It’s a lot about the rigors involved in maintaining the unmaintainable. Or not being able to name, or maintain the unnamable and committing oneself to those presences. And not falling for something thats easy, like something that only half describes itself and just goes on with its stupid little life.


Courtesy of Moriah Askenaizer.

JR: To always be at odds with oneself…

MA: Yea, it’s very hard. This paradox feels imminent and always.

*If Less Than A Boy Were Fruit is a title we adapted from a poem by poet Ari Banias entitled Solve for X.


JESSICA ROBBINS: was born in 1988 and raised in Southern Virginia. After attending the Virginia Military Institute for two years she moved to New York City in 2007.  She attended Parsons’ the New School before transferring to The Cooper Union. She graduated in may of 2014 with a bachelors in fine arts. She is currently living and working in Brooklyn.

MORIAH ASKENAIZER: Moriah is a painter, writer, and occasional drag prince and dog from New Hampshire. They hold a BFA from the Cooper Union School of Art and are currently working on writing a manuscript and becoming potty-trained.


On Jessica Robbins

{I am for an art that drips out of the frame

That sneaks up behind you and tells you your name.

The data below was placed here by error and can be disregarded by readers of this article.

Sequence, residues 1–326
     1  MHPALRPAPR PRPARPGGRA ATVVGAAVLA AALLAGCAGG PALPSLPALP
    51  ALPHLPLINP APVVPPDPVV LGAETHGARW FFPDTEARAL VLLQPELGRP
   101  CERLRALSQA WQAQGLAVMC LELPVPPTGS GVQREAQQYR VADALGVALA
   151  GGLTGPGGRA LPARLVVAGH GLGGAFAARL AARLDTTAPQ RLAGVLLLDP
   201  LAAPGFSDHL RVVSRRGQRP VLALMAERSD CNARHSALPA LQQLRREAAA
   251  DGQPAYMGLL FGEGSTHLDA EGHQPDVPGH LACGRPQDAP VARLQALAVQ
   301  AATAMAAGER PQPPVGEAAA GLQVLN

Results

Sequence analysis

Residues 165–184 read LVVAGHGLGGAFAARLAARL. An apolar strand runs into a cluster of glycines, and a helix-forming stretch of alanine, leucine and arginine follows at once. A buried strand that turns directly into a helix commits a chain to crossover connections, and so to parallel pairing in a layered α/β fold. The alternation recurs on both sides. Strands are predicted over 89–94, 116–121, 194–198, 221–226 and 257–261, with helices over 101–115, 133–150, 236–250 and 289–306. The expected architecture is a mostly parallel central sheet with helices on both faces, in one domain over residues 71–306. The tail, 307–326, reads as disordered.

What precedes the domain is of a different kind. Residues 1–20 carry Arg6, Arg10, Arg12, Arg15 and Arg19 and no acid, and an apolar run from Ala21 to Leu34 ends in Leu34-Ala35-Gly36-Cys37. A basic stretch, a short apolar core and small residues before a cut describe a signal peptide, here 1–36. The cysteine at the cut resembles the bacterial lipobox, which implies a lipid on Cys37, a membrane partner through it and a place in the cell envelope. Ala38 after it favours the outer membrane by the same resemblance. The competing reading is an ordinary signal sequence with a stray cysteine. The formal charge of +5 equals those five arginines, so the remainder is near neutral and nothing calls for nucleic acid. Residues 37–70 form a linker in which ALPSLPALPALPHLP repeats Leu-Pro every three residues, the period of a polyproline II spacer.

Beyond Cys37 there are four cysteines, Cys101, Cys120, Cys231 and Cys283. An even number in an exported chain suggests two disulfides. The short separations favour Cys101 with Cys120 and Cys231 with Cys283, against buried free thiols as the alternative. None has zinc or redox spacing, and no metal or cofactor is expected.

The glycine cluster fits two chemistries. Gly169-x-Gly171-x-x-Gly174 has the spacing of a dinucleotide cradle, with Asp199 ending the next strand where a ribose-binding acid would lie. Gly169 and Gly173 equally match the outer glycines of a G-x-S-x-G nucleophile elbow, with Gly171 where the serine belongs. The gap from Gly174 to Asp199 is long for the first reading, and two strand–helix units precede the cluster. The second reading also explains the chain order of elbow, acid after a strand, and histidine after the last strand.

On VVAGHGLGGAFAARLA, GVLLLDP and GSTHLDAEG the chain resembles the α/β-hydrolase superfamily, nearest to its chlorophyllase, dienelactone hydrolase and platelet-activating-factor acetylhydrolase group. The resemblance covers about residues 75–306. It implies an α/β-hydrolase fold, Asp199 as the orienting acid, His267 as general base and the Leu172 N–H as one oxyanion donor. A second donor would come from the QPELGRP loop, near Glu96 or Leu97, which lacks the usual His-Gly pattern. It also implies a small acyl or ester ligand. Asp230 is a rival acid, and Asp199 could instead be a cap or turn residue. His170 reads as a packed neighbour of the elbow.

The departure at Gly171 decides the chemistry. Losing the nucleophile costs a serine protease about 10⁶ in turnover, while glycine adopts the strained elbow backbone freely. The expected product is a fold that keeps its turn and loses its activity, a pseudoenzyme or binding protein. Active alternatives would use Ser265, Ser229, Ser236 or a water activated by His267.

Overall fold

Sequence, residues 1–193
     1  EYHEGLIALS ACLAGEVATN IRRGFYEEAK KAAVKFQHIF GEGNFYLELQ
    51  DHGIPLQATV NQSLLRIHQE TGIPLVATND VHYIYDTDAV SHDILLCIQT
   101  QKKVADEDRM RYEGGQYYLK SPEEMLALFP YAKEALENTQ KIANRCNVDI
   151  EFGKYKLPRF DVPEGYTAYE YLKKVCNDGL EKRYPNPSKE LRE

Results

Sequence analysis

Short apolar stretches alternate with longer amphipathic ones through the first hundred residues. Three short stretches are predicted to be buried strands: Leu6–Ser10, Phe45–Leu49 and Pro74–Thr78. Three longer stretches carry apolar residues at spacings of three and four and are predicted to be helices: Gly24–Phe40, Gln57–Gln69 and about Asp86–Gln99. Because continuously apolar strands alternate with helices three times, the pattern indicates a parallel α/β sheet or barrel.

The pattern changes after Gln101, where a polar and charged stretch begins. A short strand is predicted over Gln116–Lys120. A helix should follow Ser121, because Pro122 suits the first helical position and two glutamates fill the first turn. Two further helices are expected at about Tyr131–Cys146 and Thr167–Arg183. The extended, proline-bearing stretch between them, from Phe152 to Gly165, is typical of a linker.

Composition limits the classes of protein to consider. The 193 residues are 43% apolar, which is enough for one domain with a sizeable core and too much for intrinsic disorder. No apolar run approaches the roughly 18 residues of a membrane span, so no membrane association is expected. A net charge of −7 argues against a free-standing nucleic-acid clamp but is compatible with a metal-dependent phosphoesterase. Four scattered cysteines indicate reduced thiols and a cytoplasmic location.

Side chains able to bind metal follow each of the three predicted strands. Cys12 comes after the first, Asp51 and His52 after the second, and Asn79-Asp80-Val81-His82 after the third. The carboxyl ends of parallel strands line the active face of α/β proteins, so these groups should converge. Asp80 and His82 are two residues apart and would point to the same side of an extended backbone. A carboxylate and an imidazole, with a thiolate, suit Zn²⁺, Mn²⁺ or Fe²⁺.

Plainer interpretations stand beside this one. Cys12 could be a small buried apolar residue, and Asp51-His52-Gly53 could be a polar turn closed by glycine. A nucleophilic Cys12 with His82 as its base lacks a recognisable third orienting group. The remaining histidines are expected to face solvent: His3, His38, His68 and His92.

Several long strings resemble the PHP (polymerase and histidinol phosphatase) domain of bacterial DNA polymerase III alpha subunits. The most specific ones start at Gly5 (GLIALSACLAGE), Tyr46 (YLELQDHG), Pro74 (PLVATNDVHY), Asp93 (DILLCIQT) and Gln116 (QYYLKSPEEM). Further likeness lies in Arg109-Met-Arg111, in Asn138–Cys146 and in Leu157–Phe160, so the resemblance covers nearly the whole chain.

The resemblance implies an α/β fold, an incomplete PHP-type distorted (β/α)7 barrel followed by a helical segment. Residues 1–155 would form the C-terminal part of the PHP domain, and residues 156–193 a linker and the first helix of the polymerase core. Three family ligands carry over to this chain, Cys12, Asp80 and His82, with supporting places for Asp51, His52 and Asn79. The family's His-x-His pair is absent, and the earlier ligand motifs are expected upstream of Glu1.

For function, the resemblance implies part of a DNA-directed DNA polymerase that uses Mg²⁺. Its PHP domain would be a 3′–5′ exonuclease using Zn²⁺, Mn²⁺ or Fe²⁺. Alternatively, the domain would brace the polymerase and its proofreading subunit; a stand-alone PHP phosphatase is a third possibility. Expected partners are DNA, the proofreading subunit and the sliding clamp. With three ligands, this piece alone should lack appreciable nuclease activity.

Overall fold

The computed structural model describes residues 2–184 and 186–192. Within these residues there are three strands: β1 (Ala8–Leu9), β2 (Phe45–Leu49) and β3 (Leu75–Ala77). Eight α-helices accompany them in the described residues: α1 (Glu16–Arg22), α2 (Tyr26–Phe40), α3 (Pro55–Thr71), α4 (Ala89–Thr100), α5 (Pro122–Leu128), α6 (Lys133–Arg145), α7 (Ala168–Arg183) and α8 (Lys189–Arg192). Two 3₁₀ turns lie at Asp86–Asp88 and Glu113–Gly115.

The trickster, the wizard, the hero, the artist

We created them all and they’ve grown beyond us…}

(J.R -fragment/work in progress about SIWOFT)

Jessica and I first met in 2010 when we both transferred to The Cooper Union to pursue a bachelor degree in Fine Arts.  Since then we have witnessed each other’s growth as young artists in NYC- a city that enabled us to freely explore and challenge our own subjecthoods. Although we never thought of our artistic endeavors melting together, we collaborated for our senior project STUCK IN WONDER OUT FOREVER TRYING.  I am happy to leave a record of our correspondence.


JOSE JOAQUIN FIGUEROA was Born in 1986 in Caracas, Venezuela. Figueroa attended the Skowhegan School of Painting and Sculpture in 2009, and graduated from The Cooper Union in NYC in 2014. He will begin his graduate education in Art Practice this upcoming fall at UC Berkeley, CA.

JESSICA ROBBINS was born in 1988 and raised in Southern Virginia. After attending the Virginia Military Institute for two years she moved to New York City in 2007.  She attended Parsons’ the New School before transferring to The Cooper Union. She graduated in may of 2014 with a bachelors in fine arts. She is currently living and working in Brooklyn.